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Former Rwanda pastor pleads not guilty to genocide charges

Former Rwandan pastor Jean-Bosco Uwinkindi [Hague Justice profile; case materials] appeared before the International Criminal Tribunal for Rwanda (ICTR) [official website] on Friday and pleaded not guilty [press release] to charges of genocide and crimes against humanity relating to the 1994 Rwandan genocide [BBC backgrounder; JURIST news archive]. Uwinkindi was indicted [indictment, PDF] by the ICTR in 2001 and has been charged with genocide, conspiracy to commit genocide and extermination as a crime against humanity. The indictment alleges that Uwinkindi collaborated with the extremist National Republican Movement for Democracy and Development (MRND) party in order to kill Tutsis. He allegedly led a group of Hutus to look for and kill a group of Tutsi settlers and conspired with members of the militia to kill Tutsis who sought protection in the church where he was the pastor. According to the indictment, approximately 2,000 bodies were found near the church where the violence occurred. Uwinkindi had been one of the ICTR's most wanted suspects, with a $5 million reward being offered [BBC report] for information leading to his capture. He was apprehended [JURIST report] last month by Ugandan authorities and transferred to the ICTR in Arusha, Tanzania, where he will stand trial.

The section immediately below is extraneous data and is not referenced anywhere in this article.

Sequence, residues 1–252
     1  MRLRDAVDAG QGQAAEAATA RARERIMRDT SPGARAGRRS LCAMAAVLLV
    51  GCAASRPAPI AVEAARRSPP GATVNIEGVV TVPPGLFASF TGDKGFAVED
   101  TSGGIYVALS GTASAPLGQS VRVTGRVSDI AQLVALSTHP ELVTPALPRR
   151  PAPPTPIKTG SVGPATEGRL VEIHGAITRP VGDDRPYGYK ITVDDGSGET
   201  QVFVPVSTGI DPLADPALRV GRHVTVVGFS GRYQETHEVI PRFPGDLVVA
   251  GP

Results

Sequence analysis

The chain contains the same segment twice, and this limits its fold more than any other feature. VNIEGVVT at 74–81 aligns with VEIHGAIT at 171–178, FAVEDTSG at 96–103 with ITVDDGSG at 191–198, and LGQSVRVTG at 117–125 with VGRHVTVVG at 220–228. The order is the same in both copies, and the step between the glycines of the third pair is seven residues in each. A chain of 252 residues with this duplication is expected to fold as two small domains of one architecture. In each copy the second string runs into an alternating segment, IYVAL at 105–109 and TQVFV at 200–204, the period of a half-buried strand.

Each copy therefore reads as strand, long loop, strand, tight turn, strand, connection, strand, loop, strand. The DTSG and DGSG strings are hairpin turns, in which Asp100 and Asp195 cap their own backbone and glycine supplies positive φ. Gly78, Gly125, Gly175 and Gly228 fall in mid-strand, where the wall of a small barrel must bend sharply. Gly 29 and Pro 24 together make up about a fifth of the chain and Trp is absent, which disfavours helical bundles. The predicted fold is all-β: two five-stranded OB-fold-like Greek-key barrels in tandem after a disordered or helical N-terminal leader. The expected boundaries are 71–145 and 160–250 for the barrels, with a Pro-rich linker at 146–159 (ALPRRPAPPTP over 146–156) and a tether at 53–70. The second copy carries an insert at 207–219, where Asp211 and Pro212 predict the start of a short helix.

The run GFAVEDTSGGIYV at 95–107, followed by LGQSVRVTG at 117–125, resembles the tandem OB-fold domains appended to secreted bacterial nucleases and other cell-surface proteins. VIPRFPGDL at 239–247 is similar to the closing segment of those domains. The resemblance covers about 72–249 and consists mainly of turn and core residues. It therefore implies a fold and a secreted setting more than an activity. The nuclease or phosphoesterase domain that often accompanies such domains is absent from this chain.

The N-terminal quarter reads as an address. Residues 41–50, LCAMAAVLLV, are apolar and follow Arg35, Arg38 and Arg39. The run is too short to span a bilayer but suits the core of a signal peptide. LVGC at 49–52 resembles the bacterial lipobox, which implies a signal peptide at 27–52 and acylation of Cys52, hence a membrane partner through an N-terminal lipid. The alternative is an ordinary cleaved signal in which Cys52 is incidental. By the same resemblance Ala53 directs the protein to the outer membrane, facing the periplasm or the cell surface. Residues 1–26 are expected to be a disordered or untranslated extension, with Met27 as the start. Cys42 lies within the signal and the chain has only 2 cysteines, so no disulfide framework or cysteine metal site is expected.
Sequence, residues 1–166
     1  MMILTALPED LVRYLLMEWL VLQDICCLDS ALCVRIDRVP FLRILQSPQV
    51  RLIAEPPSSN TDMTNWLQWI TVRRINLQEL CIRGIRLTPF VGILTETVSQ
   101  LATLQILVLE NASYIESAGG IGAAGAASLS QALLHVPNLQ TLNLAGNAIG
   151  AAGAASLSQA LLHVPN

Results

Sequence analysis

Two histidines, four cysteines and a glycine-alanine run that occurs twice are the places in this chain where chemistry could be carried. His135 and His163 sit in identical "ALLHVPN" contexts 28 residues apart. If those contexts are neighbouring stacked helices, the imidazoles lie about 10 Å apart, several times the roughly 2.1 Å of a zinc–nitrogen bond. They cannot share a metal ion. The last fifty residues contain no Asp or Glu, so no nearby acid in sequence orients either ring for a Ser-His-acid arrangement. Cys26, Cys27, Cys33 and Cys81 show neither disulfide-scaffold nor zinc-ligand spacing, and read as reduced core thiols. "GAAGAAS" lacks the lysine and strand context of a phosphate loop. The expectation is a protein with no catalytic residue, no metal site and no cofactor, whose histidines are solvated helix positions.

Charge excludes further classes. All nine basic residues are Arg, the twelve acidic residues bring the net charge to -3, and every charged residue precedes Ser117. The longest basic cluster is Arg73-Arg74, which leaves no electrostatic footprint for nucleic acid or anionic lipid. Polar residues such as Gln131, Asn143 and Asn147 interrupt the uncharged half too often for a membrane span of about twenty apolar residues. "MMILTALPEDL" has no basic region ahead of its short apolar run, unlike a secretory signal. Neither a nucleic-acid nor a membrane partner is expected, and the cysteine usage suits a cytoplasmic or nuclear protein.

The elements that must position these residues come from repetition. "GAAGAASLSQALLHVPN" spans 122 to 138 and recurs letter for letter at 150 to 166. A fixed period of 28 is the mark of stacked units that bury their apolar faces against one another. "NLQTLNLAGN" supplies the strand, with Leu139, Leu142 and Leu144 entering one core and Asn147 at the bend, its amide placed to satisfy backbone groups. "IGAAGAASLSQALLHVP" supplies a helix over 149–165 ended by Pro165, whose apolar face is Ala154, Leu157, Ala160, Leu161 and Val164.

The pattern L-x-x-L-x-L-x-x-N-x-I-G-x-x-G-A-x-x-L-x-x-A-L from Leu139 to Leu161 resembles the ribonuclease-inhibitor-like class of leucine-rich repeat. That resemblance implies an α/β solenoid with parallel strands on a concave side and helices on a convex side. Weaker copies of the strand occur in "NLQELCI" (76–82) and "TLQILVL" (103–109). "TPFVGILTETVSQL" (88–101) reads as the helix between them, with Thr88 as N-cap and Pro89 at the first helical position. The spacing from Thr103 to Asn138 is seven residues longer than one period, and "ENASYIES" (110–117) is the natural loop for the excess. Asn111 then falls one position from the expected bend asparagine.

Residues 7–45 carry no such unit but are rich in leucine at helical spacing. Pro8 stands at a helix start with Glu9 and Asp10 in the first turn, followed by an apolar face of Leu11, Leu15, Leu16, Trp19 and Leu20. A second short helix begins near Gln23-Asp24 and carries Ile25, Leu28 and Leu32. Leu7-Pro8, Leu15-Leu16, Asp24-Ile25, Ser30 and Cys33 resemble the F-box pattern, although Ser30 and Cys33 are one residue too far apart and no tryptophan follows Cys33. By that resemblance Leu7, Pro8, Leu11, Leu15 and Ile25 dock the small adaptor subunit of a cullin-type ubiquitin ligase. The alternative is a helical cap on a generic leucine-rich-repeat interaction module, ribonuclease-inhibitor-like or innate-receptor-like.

Ugandan officials arrested another highly-sought genocide suspect last October when they apprehended [JURIST report] former Hutu intelligence chief Idelphonse Nizeyimana [BBC profile; case materials]. Nizeyimana, who has pleaded not guilty [JURIST report], was charged [indictment, PDF] with four counts of genocide, or, in the alternative, complicity in genocide and crimes against humanity, and is still awaiting trial. Nizeyimana was one of four top accused sought by the ICTR in order to complete its mission. Last month, the UN Security Council [official website] extended the terms [press release] for ICTR trial judges until December 31, 2011, and for appellate judges until December 31, 2012, or until they complete their cases. In March 2009, UN Secretary-General Ban Ki-Moon pledged his ongoing support [JURIST report] for the ICTR and stressed that the international community must continue to combat genocide. The ICTR was established to try genocide suspects for crimes occurring during the 1994 Rwandan conflict between Hutus and Tutsis in which approximately 800,000 people, primarily Tutsis, died.

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